Editorial Note

Editorial Note: In January 1985, two publications reported the association of a chronic, mononucleosis-like illness with evidence of persistent active Epstein-Barr virus activity among young, previously healthy adults (1,2). These patients had no other discernible cause for their illnesses, and many demonstrated an apparently unusual pattern of anti-EBV antibodies when compared with controls. However, several questions have been raised about these studies, including whether CEBV actually exists (3-5).

In the Nevada investigation, the 15 case patients were more likely to have abnormal EBV serologic markers than other patients, and, in addition to increased fatigue, were more likely to have palpable splenomegaly. These findings suggest that, as a group, these patients have an abnormality, or abnormalities, associated in some way with high antibody titers to EBV and CMV.

The study highlights several problems associated with the diagnosis of CEBV. First, the clinical syndrome is comprised of a wide range of nonspecific symptoms, and is inadequate for diagnosing CEBV without a confirmatory laboratory test.

Second, "elevated" anti-EBV serologic titers do not prove that a chronic illness in an individual is due to EBV. There is a great deal of overlap in the antibody titers of case patients and the general population, indicating that "normal" titers can vary substantially. In a recently published study, several asymptomatic persons followed for up to 8 years after recovery from acute infectious mononucleosis maintained anti-EA titers well into the range considered to indicate CEBV (6).

Third, the reproducibility of the serologic tests for EBV is poor, both within and between laboratories. The currently available indirect immunofluorescence technique for EBV serologic tests necessitates a subjective measurement of the fluorescence produced and is subject to variability between cell lots and between individual technicians. Comparability of titers can only be confirmed by testing specimens in parallel.

Currently available data neither prove nor disprove the hypothesis that EBV activity is responsible for chronic illness, but it is clear that the diagnosis of CEBV using current clinical and laboratory criteria in an individual patient is unreliable. Further examinations of immune function in these patients, as well as studies for other possible etiologies, are needed to define this syndrome and provide a framework for epidemiologic and therapeutic studies.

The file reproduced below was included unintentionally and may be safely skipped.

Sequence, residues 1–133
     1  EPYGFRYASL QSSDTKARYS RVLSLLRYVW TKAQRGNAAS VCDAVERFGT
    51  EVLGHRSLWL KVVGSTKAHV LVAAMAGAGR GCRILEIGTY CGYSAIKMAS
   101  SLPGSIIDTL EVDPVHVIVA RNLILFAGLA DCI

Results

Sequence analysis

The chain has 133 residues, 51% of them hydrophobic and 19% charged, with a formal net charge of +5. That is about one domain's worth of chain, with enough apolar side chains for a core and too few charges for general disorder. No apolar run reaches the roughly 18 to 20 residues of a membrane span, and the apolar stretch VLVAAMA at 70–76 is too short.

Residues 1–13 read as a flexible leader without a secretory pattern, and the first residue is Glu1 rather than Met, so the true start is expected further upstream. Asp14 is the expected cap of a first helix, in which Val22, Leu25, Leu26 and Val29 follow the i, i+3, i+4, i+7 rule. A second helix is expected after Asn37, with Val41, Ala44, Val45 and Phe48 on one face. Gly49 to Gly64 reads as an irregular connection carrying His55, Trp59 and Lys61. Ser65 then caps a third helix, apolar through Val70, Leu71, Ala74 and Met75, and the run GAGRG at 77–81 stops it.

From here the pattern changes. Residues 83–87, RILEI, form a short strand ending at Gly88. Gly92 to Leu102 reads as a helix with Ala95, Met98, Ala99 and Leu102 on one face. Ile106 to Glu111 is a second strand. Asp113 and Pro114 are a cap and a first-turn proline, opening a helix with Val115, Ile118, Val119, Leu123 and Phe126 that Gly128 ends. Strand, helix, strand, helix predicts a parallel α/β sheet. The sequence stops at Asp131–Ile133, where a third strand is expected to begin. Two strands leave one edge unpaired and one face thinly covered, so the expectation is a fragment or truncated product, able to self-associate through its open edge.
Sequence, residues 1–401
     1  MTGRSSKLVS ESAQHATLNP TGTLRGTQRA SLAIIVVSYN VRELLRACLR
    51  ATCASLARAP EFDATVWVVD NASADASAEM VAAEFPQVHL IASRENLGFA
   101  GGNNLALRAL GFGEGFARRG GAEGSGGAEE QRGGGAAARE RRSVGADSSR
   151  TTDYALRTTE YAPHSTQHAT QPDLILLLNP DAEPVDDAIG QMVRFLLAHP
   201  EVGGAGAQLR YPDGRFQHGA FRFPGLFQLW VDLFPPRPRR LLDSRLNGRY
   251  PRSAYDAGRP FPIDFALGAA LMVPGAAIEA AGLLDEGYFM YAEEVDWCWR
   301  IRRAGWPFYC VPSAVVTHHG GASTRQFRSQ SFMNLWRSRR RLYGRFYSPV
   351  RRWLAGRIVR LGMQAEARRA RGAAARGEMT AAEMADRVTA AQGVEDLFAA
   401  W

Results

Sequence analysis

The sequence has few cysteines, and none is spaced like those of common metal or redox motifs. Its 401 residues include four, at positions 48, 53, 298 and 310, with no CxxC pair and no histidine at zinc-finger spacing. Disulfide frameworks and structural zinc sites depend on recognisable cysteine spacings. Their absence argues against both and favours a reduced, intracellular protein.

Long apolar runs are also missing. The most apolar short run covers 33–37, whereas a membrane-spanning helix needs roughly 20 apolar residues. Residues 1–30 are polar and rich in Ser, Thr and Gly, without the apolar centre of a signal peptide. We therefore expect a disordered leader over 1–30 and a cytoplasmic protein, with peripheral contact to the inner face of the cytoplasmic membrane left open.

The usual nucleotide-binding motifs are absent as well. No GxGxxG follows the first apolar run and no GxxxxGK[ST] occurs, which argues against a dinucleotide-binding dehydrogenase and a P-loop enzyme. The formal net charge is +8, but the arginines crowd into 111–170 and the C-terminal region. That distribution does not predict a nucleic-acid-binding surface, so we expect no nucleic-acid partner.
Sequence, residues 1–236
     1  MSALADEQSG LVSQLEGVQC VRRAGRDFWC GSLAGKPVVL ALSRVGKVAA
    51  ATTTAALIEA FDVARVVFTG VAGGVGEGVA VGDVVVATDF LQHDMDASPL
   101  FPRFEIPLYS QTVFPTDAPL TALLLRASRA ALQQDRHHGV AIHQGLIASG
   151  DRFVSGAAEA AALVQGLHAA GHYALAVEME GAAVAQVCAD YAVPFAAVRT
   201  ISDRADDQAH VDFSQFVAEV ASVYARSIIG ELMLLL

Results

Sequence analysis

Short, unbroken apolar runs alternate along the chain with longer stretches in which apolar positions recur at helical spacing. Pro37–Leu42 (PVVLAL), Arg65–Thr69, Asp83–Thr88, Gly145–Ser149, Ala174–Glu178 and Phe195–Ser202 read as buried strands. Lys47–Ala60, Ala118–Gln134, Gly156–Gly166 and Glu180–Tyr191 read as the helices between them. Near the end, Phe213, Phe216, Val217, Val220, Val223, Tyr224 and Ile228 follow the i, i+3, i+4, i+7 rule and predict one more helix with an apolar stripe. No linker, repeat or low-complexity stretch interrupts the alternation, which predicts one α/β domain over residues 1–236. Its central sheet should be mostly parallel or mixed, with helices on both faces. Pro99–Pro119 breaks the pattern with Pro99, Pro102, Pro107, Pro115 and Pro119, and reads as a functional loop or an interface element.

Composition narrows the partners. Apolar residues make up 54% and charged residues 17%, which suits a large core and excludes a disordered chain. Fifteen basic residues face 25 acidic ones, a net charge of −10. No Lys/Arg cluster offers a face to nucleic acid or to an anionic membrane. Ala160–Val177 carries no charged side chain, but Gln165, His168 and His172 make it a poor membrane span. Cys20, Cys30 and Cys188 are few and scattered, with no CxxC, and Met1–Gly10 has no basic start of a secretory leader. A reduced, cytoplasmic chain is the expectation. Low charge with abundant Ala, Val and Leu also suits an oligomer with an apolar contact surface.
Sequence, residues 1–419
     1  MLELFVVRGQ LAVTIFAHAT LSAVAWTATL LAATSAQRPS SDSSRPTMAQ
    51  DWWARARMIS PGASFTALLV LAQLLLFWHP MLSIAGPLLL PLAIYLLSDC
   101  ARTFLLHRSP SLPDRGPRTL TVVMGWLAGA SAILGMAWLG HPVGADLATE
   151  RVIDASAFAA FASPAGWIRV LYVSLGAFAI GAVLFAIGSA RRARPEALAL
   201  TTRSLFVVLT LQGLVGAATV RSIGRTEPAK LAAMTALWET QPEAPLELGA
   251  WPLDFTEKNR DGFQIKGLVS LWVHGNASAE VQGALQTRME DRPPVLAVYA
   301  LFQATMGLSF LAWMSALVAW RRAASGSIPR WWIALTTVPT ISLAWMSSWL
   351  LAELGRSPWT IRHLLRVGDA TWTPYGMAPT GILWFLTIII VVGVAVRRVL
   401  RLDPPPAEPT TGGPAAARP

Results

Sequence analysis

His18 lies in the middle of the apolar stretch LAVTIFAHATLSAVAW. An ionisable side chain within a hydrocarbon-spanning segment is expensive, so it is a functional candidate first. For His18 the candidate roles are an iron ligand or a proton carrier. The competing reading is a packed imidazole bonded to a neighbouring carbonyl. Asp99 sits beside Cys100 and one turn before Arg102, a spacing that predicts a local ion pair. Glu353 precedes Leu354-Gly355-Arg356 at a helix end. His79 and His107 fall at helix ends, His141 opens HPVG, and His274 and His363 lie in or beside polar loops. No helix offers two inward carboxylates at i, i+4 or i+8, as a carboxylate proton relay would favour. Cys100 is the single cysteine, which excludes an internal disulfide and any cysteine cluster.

In the meantime, CEBV should be a diagnosis of exclusion. Physicians evaluating patients thought to have CEBV should continue to search for the more definable, and possibly treatable, conditions that may be responsible for their symptoms, such as endocrine and autoimmune diseases; malignancies; chronic heart, liver, kidney, and pulmonary disease; anxiety and depression; and chronic infectious diseases, such as CMV and tuberculosis.

The patients reported here are only a portion of the cases reported to CDC with chronic, often severe, debilitating disease diagnosed as CEBV. Further etiologic studies are indicated, including known viruses such as EBV, CMV, and adenoviruses, in addition to viruses which have not yet been identified. Once the syndrome is better defined, epidemiologic and therapeutic studies can be initiated.

References

  1. Jones JF, Ray CG, Minnich LL, Hicks MJ, Kibler R, Lucas DO. Evidence for active Epstein-Barr virus infection in patients with persistent, unexplained illnesses: elevated anti-early antigen antibodies. Ann Intern Med 1985;102:1-7.

  2. Straus SE, Tosato G, Armstrong G, et al. Persisting illness and fatigue in adults with evidence of Epstein-Barr virus infection. Ann Intern Med 1985;102:7-16.

  3. Armstrong CW, Wetterhall SF. Epstein-Barr virus and unexplained illness (Letter). Ann Intern Med 1985;102:722.

  4. Jones SR. Epstein-Barr virus and unexplained illness (Letter). Ann Intern Med 1985;102:723.

  5. Merlin TL. Chronic mononucleosis: pitfalls in the laboratory diagnosis. Hum Pathol 1986;17:2-8.

  6. Horwitz CA, Henle W, Henle G, Rudnick H, Latts E. Long-term serological follow-up of patients for Epstein-Barr virus after recovery from infectious mononucleosis. J Infect Dis 1985;151:1150-3.